My Lords, we have been most fortunate to have had many EU and EEA citizens working in our country for many years. Without them and the services that they have performed, and still do perform, many of our key businesses and public services would be hard pressed.
One of the greatest areas of mutual benefit of our membership of the EU has been the possibility of free movement and the choice made by Europeans to work and live here, and by many UK subjects to work and live in other European countries. Therefore, whatever we can do to alleviate the new pressures on those who wish to continue their lives here is to be welcomed.
I had the privilege of serving as the Immigration Minister in the Home Office for a time in the 1990s. Then, although I was a strong adherent to UK immigration and asylum procedures, I adopted a principle of dealing with cases in a way that we deemed firm but fair. I therefore noted the reference to that principle by the Minister on the immigration Bill yesterday and am glad to see that it has remained in the Home Office psyche ever since.
In dealing with our EU citizens here, we now need rather better mood music. Whatever rules and regulations we need to introduce, such as the three measures before us today, we really must ensure that the new requirements and burdens on those subject to the provisions are operated not only firmly and fairly but, above all, sympathetically, where needed.
I fully recognise that, once the transition period ends, the Government intend to remove the more favourable treatment offered to European citizens over citizens from other parts of the world, but the withdrawal agreement, which we and the EU parties signed, set down clearly the arrangements on which these three measures are based. It gave EU citizens here and UK citizens in Europe certain specific rights and an exceptional status in the short term. On frontier workers, it is mainly of relevance to Irish citizens, who, since July, have required a permit to be here. Recent debates have been to do with the form of that permit. Can my noble friend confirm that this is now a physical document, not merely an electronic notice? The restrictions on rights of entry or residence arise under Article 20 of the withdrawal agreement. Can my noble friend confirm that all decisions on removal are fully appealable?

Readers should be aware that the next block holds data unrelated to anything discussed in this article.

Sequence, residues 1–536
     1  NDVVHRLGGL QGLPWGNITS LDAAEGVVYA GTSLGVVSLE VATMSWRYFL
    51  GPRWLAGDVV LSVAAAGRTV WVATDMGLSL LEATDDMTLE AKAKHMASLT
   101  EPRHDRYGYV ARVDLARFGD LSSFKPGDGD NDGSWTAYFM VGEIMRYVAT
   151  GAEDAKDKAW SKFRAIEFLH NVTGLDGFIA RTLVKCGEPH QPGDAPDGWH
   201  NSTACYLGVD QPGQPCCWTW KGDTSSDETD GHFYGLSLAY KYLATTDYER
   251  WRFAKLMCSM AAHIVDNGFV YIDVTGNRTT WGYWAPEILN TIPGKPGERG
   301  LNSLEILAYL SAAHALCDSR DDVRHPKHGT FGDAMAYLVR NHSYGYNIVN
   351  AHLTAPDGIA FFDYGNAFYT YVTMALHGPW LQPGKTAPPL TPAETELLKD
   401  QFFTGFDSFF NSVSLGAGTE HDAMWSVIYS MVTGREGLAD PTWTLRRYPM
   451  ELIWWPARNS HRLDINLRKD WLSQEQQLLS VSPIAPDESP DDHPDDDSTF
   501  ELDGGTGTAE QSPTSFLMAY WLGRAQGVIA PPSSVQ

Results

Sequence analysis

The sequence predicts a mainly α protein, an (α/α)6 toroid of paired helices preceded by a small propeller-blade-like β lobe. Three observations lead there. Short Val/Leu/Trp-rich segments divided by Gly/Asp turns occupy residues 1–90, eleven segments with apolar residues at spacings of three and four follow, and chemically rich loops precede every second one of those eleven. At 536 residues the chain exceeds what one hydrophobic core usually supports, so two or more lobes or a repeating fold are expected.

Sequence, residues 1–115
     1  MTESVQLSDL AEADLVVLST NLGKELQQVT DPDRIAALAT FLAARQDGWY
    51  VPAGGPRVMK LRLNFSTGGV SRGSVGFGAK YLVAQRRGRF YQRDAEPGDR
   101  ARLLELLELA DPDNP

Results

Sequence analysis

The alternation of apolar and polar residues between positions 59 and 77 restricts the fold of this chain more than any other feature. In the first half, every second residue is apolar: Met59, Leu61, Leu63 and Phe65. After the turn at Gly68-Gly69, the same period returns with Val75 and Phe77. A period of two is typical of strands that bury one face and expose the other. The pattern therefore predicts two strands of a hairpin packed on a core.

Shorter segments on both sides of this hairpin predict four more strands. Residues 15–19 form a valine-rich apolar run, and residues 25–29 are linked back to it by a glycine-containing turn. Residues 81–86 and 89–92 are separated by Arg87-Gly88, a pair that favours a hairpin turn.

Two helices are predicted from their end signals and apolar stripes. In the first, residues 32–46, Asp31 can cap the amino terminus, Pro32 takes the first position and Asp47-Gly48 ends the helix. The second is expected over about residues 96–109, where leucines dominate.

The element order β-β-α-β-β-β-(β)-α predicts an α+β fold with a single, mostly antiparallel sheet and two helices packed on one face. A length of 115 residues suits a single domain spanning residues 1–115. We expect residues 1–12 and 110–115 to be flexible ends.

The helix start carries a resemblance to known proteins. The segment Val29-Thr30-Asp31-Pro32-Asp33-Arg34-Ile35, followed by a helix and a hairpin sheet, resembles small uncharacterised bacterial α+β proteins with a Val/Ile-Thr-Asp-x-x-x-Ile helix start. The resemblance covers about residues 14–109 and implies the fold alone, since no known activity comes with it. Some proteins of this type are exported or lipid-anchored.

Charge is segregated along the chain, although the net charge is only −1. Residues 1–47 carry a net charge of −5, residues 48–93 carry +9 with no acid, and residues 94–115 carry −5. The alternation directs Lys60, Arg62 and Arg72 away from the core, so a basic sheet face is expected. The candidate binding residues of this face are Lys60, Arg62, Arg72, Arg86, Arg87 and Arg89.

On the third item, regarding the application deadline and temporary protection, a period of six months is described as a period of grace. This needs clarification in a number of respects. There are contradictions, so can my noble friend assist us in describing precisely the status of an applicant for residence during the period of grace following the end of the transition period on
Many of us are hoping that the outcome of current negotiations with the EU will include major co-operation areas in the fields of justice and security. As someone who spent many years in the European Parliament helping to put together many provisions which are there to protect us all from terrorism and criminality, I strongly hope that we reach a satisfactory outcome. Without a close arrangement, matters such as those being debated here will be more problematic in cases where some joint action or enforcement is required. The announcement today in the other place of a toughening up of action against EU criminals will be of little use unless the real-time exchange of data between law enforcers and intelligence agencies negotiated and agreed by me and many others over many years is protected and available to us.
These are necessary SIs, but as with so many others they depend on our reaching a friendly accord with the 27 states of Europe and, of course, on proper adherence to the withdrawal agreement in which these specific items are enshrined.